(Schnabel 1994) The 1980s brought a major degree of mainstream attention to the subject. (Schnabel 1994) Also of note in the 1980s was the publication of folklorist Dr. Bullard's comparative analysis of nearly 300 alleged abductees. With Hopkins, Jacobs and Mack, several shifts occurred in the nature of the abduction narratives.
Matheson notes that unlike earlier abduction researchers, Mack is generally quite cautious in his interpretations of physical evidence and corroborative testimony.
He places little value in the scars and scratches often attributed to alien "medical" exams, and argues that trying to prove the actuality of alleged "implants" placed in abductees is largely a futile effort.
Eventually Sprinkle came to believe that he had been abducted by aliens in his youth; he was forced from his job in 1989.
(Bryan, 145fn) Budd Hopkins — a painter and sculptor by profession — had been interested in UFOs for some years.
Despite the relative paucity of corroborative evidence, Jacobs presents this scenario as not only plausible, but self-evident.
Hopkins and Jacobs have also been criticized for selective citation of abductee interviews, favoring those that support their hypothesis of extraterrestrial intervention.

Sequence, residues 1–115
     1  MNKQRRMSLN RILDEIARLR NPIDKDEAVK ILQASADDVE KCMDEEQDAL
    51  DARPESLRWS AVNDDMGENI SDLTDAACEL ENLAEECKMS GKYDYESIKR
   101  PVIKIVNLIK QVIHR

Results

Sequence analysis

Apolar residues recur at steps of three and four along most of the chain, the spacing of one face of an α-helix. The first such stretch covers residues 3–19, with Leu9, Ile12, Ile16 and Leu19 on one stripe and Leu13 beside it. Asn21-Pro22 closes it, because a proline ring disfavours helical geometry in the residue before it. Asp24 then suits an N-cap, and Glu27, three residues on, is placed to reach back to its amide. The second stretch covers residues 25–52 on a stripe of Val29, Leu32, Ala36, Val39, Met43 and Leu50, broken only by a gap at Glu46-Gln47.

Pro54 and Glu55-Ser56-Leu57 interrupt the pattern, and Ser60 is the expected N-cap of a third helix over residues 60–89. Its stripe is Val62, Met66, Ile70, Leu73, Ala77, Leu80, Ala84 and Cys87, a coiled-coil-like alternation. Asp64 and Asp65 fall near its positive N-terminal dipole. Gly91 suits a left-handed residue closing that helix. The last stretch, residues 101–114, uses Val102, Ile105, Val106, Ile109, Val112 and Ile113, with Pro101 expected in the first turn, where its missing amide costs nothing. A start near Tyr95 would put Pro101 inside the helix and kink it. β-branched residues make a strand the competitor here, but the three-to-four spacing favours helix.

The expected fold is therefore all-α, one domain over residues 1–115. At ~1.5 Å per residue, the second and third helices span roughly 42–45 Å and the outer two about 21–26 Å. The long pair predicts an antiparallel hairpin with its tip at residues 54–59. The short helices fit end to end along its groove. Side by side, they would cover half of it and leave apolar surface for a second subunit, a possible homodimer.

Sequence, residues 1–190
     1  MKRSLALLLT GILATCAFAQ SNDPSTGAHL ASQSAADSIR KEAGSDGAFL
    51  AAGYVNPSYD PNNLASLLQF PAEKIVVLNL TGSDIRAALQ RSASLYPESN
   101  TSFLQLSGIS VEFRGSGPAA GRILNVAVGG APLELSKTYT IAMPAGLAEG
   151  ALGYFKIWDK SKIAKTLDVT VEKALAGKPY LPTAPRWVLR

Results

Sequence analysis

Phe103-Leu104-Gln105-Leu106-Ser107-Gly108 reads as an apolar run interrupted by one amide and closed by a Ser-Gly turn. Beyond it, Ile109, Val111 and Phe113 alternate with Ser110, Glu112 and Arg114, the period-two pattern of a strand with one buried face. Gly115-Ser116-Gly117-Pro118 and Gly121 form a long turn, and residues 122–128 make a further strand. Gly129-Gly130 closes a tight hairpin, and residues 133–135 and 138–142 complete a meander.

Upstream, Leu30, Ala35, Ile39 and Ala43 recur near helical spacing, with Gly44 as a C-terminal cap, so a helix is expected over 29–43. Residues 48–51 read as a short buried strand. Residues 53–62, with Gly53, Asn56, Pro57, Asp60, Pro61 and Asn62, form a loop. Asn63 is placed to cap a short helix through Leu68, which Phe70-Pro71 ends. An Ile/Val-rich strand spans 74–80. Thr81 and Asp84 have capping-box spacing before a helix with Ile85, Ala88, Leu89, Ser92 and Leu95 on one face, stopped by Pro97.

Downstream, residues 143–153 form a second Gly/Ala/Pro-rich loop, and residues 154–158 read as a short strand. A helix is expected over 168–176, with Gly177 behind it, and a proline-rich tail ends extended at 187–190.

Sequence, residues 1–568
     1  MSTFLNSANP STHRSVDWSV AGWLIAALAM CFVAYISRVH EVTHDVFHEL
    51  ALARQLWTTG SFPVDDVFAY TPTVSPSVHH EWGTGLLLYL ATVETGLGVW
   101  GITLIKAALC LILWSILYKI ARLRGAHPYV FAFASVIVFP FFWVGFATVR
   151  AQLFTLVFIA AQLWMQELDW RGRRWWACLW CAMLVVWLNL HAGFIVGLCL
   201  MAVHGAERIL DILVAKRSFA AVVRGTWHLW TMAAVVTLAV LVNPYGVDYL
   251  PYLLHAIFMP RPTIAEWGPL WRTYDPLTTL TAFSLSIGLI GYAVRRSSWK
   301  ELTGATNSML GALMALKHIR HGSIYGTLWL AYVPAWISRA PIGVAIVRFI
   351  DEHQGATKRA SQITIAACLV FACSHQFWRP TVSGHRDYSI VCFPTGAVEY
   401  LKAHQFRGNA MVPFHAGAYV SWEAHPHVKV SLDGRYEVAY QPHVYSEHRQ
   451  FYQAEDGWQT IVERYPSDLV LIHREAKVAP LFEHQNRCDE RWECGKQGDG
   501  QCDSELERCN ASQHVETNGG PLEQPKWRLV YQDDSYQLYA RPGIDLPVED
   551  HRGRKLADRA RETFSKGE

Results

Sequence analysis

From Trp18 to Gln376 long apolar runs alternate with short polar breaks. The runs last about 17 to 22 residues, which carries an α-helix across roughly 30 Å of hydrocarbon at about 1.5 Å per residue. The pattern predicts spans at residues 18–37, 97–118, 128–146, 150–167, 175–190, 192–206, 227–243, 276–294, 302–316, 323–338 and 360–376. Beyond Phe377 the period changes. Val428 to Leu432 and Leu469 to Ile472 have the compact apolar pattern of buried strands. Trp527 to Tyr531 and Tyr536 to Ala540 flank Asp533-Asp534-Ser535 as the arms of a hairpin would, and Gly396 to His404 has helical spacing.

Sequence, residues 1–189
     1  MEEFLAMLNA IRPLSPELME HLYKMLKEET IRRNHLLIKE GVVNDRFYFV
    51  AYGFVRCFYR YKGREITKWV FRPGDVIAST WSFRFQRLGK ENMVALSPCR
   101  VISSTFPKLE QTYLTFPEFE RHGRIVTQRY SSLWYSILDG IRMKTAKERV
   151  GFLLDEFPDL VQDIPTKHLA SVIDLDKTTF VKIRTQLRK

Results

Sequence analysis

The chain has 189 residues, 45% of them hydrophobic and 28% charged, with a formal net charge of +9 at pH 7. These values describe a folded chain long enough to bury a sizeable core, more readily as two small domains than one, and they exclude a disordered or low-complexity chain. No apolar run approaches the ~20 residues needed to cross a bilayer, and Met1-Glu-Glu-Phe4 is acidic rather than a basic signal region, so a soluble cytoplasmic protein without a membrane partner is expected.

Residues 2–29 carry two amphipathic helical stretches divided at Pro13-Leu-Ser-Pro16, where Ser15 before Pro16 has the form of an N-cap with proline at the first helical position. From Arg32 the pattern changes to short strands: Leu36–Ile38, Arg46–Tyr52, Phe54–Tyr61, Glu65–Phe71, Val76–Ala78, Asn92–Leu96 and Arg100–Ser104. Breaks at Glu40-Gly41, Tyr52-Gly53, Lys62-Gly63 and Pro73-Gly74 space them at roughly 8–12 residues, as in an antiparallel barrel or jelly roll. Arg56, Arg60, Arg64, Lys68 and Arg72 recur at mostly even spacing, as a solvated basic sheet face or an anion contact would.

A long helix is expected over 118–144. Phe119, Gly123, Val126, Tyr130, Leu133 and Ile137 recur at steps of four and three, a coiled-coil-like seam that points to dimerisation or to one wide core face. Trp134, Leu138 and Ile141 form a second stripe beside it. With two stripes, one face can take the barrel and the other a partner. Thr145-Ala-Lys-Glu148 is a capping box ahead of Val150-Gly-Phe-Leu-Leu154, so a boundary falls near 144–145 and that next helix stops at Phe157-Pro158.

There were anecdotal reports of phantom pregnancy related to UFO encounters at least as early as the 1960s, but Budd Hopkins and especially David M.
Jacobs were instrumental in popularizing the idea of widespread, systematic interbreeding efforts on the part of the alien intruders.
Mack argued that the abduction phenomenon might be the beginning of a major paradigm shift in human consciousness, or "a kind of fourth blow to our collective egoism, following those of Copernicus, Darwin and Freud." (Bryan, 270) Mack also noted that, after an initial period of terror and confusion (a phase he dubbed "ontological shock"), many abductees ultimately regard their experiences more positively, saying that their experiences broadened their consciousness. Pritchard organized a five-day conference at MIT to discuss and debate the abduction phenomenon. Bryan attended the conference, initially intending to gather information for a short humorous article for The New Yorker.